Event(s): Peter meets Cornelius and preaches to Cornelius’ household; the Holy Spirit Falls
Today’s Text: Acts 10:24-48
Tomorrow’s Text: Acts 11:1-18
Peter had been summoned to Caesarea, and now he was on his way. Later in Acts 11:12, we find that he took six other men with him on this journey. Cornelius, by this time, had also gathered a crowd of his closest friends and relatives. In today’s text, we are given a front-row seat to what took place when these men met. Strangers, over 30 miles apart, brought together through prayer and the word of God – a meeting orchestrated and facilitated by the Holy Spirit.
Can you imagine? You’re in a time of prayer and God reveals to you that there is someone He wants you to go to, across town or in a neighboring city. Someone you don’t know, have never spoken to, of a completely different culture, and of an occupation that would otherwise be somewhat threatening. It’s easy to understand why so many say faith is spelled R-I-S-K. As we read this account, most of us can’t help but put ourselves into the story and wonder, how would we respond?
Acts 10:24 “Cornelius was waiting for them, and had called together his relatives and close friends.” Faith is most active when it is accompanied by ACTion. Cornelius didn’t have a clue who Peter was; he had never met him and certainly didn’t know he was one of the leading apostles. But at God’s word, he acted in faith, gathering his family and friends to wait for the arrival of his new friend and hear what God would speak to them through Peter.
Acts 10:29 “for what reason have you sent for me?” Most of the time there is a huge gap between what we have faith for and what we’re believing for. Notice what Cornelius didn’t do with that gap – he didn’t make something up or try to fill this gap with what he thought Peter should talk about or do. Cornelius was a strong, assertive leader – he had to be to do what he did for a living – but he didn’t start throwing in his own opinions. He didn’t have this meeting “all planned out.” He made ready, brought others to experience what the Lord would do, but then he abided in the tension of the faith gap. He simply told Peter what he knew and what he had experienced in prayer, and then left the rest up to God to fill the gaps.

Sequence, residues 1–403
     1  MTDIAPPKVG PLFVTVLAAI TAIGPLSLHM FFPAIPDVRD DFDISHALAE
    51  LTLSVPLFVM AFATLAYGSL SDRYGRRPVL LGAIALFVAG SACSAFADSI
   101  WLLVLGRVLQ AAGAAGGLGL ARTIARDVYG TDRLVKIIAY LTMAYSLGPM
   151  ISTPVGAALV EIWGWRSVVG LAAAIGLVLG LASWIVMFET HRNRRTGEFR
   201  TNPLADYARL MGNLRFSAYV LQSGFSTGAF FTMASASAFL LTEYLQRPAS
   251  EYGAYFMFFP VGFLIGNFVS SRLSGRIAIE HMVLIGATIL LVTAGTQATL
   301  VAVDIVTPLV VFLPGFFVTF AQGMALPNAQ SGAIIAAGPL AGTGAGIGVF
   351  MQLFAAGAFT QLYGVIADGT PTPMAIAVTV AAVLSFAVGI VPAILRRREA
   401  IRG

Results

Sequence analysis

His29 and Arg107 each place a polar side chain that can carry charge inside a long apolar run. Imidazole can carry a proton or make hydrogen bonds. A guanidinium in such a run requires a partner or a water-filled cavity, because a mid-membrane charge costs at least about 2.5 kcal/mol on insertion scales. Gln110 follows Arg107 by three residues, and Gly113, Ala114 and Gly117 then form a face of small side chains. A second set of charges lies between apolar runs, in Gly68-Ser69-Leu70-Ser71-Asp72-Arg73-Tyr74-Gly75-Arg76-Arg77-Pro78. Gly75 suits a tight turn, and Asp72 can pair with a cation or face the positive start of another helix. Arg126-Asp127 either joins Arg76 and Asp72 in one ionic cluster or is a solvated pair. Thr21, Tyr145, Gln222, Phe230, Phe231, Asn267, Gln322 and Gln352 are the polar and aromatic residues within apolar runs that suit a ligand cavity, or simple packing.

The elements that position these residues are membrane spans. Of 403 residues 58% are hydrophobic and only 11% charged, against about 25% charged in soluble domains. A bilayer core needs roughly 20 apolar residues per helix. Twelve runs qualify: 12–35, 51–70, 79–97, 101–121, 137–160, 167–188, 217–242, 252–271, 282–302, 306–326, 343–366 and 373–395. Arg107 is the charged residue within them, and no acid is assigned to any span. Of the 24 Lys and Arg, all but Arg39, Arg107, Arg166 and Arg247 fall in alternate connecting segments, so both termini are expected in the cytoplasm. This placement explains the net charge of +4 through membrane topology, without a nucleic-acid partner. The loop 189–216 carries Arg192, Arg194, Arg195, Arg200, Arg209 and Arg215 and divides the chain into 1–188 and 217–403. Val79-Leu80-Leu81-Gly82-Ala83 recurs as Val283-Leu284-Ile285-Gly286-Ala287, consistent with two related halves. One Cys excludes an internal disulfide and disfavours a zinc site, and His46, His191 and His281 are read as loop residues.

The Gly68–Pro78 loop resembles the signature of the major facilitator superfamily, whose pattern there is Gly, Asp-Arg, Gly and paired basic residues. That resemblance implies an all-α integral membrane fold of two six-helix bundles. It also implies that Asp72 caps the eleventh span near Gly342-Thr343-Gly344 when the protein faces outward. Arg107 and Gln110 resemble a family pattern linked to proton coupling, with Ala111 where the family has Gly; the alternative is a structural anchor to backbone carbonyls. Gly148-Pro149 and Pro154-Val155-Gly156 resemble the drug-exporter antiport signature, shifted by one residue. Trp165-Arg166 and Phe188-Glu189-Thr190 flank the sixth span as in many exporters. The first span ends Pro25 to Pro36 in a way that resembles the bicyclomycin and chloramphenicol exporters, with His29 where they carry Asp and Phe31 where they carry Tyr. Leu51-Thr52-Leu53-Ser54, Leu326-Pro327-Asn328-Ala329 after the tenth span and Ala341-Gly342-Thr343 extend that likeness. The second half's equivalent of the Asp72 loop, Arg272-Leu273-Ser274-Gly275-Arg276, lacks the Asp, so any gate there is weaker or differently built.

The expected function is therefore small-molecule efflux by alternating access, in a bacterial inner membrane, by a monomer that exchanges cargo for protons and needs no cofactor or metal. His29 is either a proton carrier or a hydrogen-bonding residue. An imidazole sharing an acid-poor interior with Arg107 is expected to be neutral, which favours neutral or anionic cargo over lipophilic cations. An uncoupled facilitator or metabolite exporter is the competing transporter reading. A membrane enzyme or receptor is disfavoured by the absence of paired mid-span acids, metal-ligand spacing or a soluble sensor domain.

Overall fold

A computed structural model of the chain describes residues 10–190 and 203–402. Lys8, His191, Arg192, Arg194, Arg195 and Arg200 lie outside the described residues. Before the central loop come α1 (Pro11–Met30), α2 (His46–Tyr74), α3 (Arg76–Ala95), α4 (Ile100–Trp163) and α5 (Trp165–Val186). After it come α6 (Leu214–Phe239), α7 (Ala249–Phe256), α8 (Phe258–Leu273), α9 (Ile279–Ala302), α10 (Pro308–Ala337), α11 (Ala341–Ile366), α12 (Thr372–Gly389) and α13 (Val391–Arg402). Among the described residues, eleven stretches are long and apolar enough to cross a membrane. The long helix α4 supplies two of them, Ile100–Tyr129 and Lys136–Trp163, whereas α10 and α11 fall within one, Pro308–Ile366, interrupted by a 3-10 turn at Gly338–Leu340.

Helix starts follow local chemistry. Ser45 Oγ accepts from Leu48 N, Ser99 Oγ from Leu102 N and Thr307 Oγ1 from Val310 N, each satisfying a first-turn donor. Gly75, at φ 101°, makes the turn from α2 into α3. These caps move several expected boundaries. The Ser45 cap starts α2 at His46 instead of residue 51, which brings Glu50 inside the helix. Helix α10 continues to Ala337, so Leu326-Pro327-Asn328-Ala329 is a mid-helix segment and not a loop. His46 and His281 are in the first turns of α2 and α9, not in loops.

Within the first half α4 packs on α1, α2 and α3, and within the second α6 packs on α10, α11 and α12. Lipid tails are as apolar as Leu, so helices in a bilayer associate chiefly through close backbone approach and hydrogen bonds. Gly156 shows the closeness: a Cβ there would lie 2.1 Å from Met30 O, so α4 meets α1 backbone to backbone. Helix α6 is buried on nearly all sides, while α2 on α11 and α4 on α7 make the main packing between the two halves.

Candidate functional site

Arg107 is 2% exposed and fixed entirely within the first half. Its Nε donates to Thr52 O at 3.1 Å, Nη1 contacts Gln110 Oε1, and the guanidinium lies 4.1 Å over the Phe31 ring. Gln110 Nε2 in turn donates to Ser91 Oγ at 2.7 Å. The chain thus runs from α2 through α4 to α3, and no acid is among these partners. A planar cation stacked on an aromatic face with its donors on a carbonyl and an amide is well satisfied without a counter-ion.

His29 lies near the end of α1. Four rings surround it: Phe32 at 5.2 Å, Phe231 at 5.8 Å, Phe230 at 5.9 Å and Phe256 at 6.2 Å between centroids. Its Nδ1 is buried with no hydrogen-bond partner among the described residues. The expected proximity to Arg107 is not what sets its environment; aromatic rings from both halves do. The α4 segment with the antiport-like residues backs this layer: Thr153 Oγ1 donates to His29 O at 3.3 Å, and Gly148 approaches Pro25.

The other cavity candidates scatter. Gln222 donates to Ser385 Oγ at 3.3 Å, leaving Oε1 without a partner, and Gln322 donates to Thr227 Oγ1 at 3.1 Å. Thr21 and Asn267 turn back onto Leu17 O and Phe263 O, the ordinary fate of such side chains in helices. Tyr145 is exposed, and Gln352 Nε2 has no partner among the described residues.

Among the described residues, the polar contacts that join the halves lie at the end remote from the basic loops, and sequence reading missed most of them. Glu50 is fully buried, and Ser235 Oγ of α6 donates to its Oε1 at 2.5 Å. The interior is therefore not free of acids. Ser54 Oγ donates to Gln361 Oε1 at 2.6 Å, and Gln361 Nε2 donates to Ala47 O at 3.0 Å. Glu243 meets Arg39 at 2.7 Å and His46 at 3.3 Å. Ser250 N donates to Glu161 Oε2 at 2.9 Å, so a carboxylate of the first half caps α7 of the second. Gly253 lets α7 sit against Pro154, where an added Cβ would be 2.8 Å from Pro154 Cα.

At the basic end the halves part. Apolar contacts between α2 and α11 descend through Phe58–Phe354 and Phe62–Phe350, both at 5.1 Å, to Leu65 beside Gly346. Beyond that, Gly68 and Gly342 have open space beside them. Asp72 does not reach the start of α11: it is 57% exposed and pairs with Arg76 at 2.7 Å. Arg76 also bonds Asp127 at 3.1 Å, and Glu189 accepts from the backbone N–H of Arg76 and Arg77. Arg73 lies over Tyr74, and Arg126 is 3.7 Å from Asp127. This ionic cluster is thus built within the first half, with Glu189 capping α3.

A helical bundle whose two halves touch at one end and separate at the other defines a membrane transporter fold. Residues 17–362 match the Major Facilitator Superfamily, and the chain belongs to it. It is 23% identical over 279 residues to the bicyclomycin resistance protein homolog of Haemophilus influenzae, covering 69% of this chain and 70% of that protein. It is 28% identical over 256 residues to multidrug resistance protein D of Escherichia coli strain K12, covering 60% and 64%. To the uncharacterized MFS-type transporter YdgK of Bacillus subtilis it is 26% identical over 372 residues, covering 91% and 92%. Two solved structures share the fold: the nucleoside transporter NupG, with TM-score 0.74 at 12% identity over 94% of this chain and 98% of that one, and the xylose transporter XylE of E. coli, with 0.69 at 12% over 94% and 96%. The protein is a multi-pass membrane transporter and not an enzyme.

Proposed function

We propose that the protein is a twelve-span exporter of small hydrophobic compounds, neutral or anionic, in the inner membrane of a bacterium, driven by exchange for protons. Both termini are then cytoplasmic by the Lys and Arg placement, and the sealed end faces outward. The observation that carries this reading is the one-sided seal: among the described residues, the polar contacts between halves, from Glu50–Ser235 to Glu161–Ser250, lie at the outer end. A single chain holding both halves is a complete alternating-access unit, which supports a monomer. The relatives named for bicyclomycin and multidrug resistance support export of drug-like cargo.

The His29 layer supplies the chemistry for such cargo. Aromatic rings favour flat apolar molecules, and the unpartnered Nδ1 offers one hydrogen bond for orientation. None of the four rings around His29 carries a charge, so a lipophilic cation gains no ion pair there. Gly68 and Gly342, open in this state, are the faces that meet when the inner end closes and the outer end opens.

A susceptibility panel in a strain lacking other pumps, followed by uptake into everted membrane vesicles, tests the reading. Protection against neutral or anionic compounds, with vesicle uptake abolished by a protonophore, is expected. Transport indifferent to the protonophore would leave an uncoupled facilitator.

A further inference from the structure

Acts 10:34 “In truth, I perceive that God shows no partiality.” The word used for partiality is the Greek word “prosopolepte” and means a receiver of face, one who takes sides, showing favoritism, exhibiting bias, showing discrimination, showing partiality, treating one person better than another. This is simply not God’s nature, and neither should it be ours. God wants everyone. The message of the Gospel is for all who will come. Because of Jesus, there are no barriers and there are no limits placed to what He gives of Himself to us. As the MSG Bible says in John 3:34 “don’t think he rations out the Spirit in bits and pieces.”
Acts 10:44 “while he was still speaking..the Holy Spirit fell upon [them].” What ready hearts! There was no need to call them to repentance; there was no need to lay on hands so that they would receive the Holy Spirit. They already had a sensitivity towards God, but now, through the revelation of who Jesus was, they were formally introduced. As soon as he gave them enough information to trust in Jesus Christ, they did. Immediately, the Holy Spirit fell upon them, filling them and baptizing them.
Acts 10:46 “they head them speak with tongues and magnify God” “That tongues are at least one means of giving evidence to the initial baptism of the Holy Spirit is unmistakably clear here.” –New Spirit Filled Life Bible
“Now faith is confidence in what we hope for and assurance about what we do not see.” Hebrews 11:1
“What good is it, dear brothers and sisters, if you say you have faith but don’t show it by your actions?”…James 2:14a NLT
Faith is rooted in belief, but it is active and alive when accompanied by action. Not that we try and take it upon ourselves to make something happen, but our acts of readiness show that our faith is active. Indeed, they make our faith that much stronger. Cornelius is a brilliant example of this. While he waited for God to bring Peter, he readied himself and his household in anticipation of the promise.
What are you believing God for right now? What word or promise are you holding near to your heart? What would it look like for you to activate your faith with an action step in anticipation of what you believe He will bring to pass?